Fatima vision reminds us of St. Joseph’s patronage
Fatima vision reminds us of St. Joseph’s patronage
With the 100th anniversary of Fatima, many people have heard about the “Miracle of the Sun” in the October 1917 apparition. But few realize that St. Joseph appeared in that vision.
Servant of God Lucia Santos, the longest living visionary of Fatima, described the blessed appearance in her Memoirs: “After Our Lady had disappeared into the immense distance of the firmament, we beheld St. Joseph with the Child Jesus and Our Lady robed in white with a blue mantle, beside the sun. St. Joseph and the Child Jesus seemed to bless the world, for they traced the Sign of the Cross with their hands.”
“It reiterates the importance of St. Joseph’s role within the Church,” explained Mike Wick, executive director of the Institute on Religious Life, of St. Joseph’s appearance. As a husband and father, Wick finds that St. Joseph’s presence in the apparition “says so much for our world today. He’s the silent giant, the forgotten friend who is constantly present.”
In Corcoran, Minnesota, Brian Holt looks to St. Joseph as a model for being a husband and father. He and his wife, Marylou, have eight children ranging in age from 8 to 26.
“My favorite daily prayer for years before work is the ‘Workman’s Prayer to St. Joseph,’” Holt said, adding that the family also prays the Rosary ahead of home-schooling each day.
Holt has been trying to follow Joseph’s saintly example when teaching work skills to his children, too. For this year’s winter project, he worked with three of his sons in remodeling a part of their home. “I’m teaching them skills so that when they’re heads of their own families, they can take care of themselves,” explained Holt, who builds furniture, too. “The skills, the health and motivation comes from God. The ability to serve comes from God. To have work to do is a blessing.”
Wick said his favorite title for Joseph is “patron of the present moment” — to live the present moment taking on the grace God gives you to fulfill the duty and the vocation you’re called, “quietly and subtly as Joseph did.”
The Holy Family’s presence at the last Fatima apparition is a timely reminder for today’s families, believes Wick. “We need this today in families — the reflection of what the Church is to be, the family of God. Joseph being head of the Holy Family gives us great instruction to what God’s plan is to be.”
“St. Joseph was teaching and reflecting the image of the fatherhood of God” in his role as head of the Holy Family, Wick added.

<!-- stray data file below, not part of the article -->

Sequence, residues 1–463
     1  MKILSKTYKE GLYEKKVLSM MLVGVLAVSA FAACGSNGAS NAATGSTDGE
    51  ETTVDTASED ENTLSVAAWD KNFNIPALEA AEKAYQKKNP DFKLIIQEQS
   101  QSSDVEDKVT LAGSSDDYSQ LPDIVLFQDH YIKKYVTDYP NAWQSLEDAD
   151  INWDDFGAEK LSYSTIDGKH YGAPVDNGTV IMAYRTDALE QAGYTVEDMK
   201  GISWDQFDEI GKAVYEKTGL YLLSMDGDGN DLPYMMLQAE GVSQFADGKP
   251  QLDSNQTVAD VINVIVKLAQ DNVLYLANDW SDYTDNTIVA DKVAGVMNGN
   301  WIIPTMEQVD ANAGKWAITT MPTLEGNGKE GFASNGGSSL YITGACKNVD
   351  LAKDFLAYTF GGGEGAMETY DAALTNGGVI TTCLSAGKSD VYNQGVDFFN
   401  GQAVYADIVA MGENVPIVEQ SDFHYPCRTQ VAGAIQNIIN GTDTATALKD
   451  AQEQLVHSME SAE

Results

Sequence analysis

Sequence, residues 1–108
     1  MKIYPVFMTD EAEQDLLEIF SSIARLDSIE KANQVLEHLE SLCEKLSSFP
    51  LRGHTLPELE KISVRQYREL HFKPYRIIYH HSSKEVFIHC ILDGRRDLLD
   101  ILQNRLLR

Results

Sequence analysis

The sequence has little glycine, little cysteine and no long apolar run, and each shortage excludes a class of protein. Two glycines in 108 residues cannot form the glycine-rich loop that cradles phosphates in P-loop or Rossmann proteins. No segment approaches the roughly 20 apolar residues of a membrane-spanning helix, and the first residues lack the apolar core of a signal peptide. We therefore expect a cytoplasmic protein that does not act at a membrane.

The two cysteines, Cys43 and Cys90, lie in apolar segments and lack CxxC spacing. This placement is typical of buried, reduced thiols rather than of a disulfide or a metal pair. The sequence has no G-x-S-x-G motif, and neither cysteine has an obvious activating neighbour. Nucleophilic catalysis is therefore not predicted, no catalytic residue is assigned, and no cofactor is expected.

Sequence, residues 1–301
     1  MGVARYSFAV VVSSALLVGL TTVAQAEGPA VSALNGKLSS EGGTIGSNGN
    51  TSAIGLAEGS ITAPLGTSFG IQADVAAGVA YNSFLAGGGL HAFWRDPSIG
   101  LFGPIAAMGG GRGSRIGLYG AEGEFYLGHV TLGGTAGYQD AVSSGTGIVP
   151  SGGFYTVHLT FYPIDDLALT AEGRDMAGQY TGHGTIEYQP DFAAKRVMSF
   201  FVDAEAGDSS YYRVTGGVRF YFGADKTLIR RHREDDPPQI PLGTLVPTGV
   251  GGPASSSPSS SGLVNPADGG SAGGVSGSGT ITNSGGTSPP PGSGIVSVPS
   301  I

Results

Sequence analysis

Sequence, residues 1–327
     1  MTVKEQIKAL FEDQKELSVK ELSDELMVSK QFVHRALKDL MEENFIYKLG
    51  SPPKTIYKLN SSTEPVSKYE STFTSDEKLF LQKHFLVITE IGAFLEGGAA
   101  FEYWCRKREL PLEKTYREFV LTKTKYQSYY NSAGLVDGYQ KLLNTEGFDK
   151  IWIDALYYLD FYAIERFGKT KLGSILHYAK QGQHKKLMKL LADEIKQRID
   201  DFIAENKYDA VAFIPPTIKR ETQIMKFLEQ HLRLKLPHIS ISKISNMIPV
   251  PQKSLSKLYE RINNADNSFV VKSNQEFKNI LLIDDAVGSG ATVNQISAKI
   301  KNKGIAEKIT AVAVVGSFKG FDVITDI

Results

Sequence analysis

Thus, Fatima, for all of its other meanings, also is a reminder of the importance of fatherhood.
“The fatherhood of St. Joseph, as with all human fathers, is a reflection in a creature of the fatherhood of God the Father,” emphasized Msgr. Joseph Cirrincione in his 1989 booklet St. Joseph, Fatima and Fatherhood. “[T]he vision of St. Joseph and the Infant Jesus blessing the world, with Mary by the side of the sun, which has not left its place, is God’s assurance that although man may reject him, God will never reject man.”
When the peaceful family scene is disrupted by the sun’s gyrations during the Miracle of the Sun, Msgr. Cirrincione sees “an ominous foreshadowing of the consequences for the world, which are sure to be felt if the true fatherhood of God and the traditional strong role of the father of the family are rejected by mankind.”
He added: “The Miracle of the Sun represents not so much a threat of evils to come as it does a foreshadowing of the dethronement of God the Father and an intimation of the appalling consequences to follow.”
Msgr. Cirrincione explained, “Since human fatherhood, as a reflection of the fatherhood of God, was designed to be the pillar of the family, the disappearance of esteem for fatherhood has led to the collapse of that pillar and to the disintegration of the family.”
Wick agreed: “The presence of Joseph especially at Fatima is a reminder God the Father is looking for us, waiting for us to return to the Lord. Joseph, just like Mary, plays the part of the missionary.”
Looking to St. Joseph, the patron of the universal Church, is key for his March feast day and beyond — as Pope Leo XIII reminded the faithful.
Pope Leo XIII consecrated October to Our Lady of the Rosary — the title Mary would later call herself at Fatima — and in his 1889 encyclical Quamquam Pluries (Devotion to St. Joseph), Pope Leo asked “for the Christian people continually to invoke, with great piety and trust, together with the Virgin Mother of God, her chaste Spouse, the Blessed Joseph.”
Because it was of “high importance that the devotion to St. Joseph” was included in the daily practices of Catholics, Leo prescribed and provided a prayer to St. Joseph to be recited after the Rosary during October (see sidebar).
Keeping the holy example of St. Joseph in mind is a key part of Catholic devotion.
As Pope Leo wrote: “The Blessed Patriarch looks upon the multitude of Christians who make up the Church as confided specially to his trust — this limitless family spread over the earth, over which, because he is the spouse of Mary and the father of Jesus Christ, he holds, as it were, a paternal authority.
“It is, then, natural and worthy that as the Blessed Joseph ministered to all the needs of the family at Nazareth and girt it about with his protection, he should now cover with the cloak of his heavenly patronage and defend the Church of Jesus Christ.”
In his book True Story of Fatima, Father John DeMarchi believes similarly, stating, “Our Lord did not come to destroy, but to save. He saved the world that day through the blessing of good St. Joseph and the love of the Immaculate Heart of Mary for her children on earth.”